What is Probate Court?

Due to its notorious reputation, people would want to avoid probate. While most would agree that avoiding probate is good, it is still important to understand the process in order to find out what estate plan will suit you.

What is Probate?

Probate is a process that deals with the distribution of assets and dealing with debts left by a person who died. It is generally supervised by the court known as the probate court. The term probate can be used to refer to the legal process, the court which handles the process, or the distribution of the assets.

The probate process can include all aspects of estate administration, such as:

Proving the validity of a will, if it exists;

Choosing an estate administrator, executor, or representative;

Totalling all assets both in and out of the estate;

Paying all applicable estate taxes and other debts;

Identifying all heirs and other relatives; and

Distributing any remaining assets to the heirs as described in the will or intestacy statutes.

Probate generally begins when the deceased’s representative files a petition along with the death certificate in the probate court. The process generally ends when the court formally closes the estate.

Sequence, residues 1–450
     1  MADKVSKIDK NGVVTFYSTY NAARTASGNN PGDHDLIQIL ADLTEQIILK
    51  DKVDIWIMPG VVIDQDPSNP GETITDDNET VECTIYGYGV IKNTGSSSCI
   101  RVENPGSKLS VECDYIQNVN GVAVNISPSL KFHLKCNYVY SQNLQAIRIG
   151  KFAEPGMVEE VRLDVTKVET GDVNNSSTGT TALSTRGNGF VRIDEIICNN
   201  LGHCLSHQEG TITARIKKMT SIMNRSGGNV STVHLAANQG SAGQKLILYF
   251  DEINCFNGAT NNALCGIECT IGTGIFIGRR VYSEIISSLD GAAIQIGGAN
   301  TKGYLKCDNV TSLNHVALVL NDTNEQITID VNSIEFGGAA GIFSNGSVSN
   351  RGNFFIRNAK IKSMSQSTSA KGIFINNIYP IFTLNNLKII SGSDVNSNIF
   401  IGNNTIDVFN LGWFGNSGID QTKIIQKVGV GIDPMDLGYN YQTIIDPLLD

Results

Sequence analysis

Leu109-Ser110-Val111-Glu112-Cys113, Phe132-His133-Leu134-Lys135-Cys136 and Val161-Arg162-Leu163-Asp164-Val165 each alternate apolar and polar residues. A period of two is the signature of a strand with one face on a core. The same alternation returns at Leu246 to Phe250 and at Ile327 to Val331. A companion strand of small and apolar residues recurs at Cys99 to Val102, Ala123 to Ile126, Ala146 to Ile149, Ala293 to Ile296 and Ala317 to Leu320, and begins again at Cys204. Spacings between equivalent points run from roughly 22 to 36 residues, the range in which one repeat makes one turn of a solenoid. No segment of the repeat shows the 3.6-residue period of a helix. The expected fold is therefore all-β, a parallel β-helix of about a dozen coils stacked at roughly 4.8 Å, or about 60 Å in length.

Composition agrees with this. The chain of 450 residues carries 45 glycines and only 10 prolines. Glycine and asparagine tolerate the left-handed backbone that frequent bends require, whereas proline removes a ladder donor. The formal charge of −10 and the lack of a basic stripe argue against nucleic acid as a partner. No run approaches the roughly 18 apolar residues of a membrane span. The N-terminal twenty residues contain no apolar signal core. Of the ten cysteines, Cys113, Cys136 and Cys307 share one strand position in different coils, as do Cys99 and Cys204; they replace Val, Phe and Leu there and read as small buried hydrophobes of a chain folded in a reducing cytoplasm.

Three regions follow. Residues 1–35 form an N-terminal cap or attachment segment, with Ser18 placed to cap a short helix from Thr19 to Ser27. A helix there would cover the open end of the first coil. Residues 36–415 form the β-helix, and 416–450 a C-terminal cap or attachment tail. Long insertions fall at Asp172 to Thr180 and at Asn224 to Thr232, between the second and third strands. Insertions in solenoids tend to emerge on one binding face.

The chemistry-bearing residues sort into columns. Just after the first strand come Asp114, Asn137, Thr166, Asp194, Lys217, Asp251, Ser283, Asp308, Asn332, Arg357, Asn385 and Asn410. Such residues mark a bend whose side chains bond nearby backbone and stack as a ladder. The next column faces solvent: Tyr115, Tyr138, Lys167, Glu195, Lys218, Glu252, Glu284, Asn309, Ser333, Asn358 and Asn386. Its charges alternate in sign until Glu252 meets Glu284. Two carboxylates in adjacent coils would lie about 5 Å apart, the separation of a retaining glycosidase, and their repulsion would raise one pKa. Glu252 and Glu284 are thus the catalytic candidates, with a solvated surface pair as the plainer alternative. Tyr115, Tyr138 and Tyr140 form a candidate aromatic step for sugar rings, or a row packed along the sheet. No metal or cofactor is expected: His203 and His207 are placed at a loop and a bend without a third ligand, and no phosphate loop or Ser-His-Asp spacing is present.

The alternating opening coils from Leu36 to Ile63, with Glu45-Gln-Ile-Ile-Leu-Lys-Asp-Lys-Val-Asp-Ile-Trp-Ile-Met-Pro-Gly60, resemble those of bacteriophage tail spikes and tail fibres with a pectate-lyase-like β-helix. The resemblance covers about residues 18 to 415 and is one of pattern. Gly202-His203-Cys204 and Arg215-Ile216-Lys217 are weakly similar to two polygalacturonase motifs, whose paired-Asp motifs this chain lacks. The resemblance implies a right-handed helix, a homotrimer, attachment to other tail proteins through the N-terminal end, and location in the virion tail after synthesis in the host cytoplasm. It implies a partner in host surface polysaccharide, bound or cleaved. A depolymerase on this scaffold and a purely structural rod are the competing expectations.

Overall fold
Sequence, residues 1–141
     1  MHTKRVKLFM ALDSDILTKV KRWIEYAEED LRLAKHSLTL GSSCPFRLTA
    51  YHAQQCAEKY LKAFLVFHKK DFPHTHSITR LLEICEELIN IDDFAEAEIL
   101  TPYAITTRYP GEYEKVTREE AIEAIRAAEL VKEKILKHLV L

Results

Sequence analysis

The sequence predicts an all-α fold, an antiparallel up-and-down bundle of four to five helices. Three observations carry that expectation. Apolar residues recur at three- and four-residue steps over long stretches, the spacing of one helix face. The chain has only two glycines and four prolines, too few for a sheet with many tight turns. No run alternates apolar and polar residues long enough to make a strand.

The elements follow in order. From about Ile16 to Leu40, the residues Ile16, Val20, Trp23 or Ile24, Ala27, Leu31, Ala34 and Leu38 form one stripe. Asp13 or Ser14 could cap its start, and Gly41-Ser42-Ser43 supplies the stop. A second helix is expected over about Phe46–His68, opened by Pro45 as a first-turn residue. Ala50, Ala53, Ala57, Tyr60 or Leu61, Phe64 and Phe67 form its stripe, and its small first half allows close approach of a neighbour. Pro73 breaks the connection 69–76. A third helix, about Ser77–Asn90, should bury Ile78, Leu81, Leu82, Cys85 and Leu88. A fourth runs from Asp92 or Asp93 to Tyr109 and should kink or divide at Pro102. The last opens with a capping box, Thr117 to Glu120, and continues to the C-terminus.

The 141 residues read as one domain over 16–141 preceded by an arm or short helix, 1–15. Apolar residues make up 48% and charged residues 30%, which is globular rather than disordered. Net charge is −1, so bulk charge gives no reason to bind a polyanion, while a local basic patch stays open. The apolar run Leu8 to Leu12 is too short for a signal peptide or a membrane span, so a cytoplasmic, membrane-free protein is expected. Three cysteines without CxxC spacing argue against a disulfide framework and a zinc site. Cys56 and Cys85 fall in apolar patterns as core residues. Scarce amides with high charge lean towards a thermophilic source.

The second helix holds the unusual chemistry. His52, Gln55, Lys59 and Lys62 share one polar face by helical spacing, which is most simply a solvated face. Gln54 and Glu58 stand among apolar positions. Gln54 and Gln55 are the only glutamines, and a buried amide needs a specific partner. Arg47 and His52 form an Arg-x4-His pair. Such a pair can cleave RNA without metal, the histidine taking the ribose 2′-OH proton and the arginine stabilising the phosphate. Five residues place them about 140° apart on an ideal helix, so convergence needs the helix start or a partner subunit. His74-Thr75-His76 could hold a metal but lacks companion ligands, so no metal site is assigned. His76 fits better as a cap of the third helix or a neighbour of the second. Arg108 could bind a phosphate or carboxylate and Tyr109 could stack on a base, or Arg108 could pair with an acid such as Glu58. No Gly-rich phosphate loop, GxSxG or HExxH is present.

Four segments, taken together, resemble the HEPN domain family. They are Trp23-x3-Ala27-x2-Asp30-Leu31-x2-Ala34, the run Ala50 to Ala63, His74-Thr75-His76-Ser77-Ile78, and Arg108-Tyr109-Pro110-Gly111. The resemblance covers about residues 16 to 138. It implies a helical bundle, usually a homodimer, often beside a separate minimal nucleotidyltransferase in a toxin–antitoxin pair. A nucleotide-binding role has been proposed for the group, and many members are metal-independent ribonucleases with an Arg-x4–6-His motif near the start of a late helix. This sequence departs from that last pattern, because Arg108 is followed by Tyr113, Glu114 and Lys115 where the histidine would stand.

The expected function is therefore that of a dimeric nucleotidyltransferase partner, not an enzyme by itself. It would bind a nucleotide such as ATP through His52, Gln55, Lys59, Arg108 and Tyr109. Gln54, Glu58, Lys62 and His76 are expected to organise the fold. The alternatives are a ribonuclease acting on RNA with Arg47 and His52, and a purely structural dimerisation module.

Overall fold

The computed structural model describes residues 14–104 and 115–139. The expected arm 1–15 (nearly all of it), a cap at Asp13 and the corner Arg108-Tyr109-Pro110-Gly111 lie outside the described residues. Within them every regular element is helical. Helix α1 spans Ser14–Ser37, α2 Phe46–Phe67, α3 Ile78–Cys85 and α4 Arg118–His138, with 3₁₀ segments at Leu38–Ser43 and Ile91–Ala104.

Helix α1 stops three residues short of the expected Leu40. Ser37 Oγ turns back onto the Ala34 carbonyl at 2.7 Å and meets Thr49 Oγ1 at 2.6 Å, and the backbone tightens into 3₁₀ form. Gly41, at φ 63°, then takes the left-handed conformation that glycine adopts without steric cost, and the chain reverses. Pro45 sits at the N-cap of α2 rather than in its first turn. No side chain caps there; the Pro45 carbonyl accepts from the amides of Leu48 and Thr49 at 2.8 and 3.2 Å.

Probate: Pros and Cons

The many disadvantages are what drive people to try to avoid probate — specifically because probate is time-consuming and expensive. In many states 30 to 90 days are required as waiting periods as part of probate. And the process may take longer if a relative or potential heir decides to contest the will or the court’s asset distribution. In addition, the court, attorneys, assessors, and other professionals involved all charge fees for processing an estate. These fees typically come out of the estate itself.

Surprisingly to some, there are some benefits to the probate process. There are jurisdictions where probate process may be required so check with a local probate attorney. The formality of probate court often gives some degree of certainty to the deceased’s family. If there was ever a question about whether a will is valid or about the worth of a particular asset, the probate process will find an answer.

Know Your Local Laws

Probate, estate planning, and intestacy law is governed by the states. What may be legal in your state may not be legal in neighboring states. Be sure to check your state’s laws or your local court system’s policies before making any estate planning decisions. If your estate looks like it may be complicated, whether it’s due to the estate’s size, the type of assets your estate will have, or the number of potential heirs you have, it’s best to consult with a local estate planning attorney.

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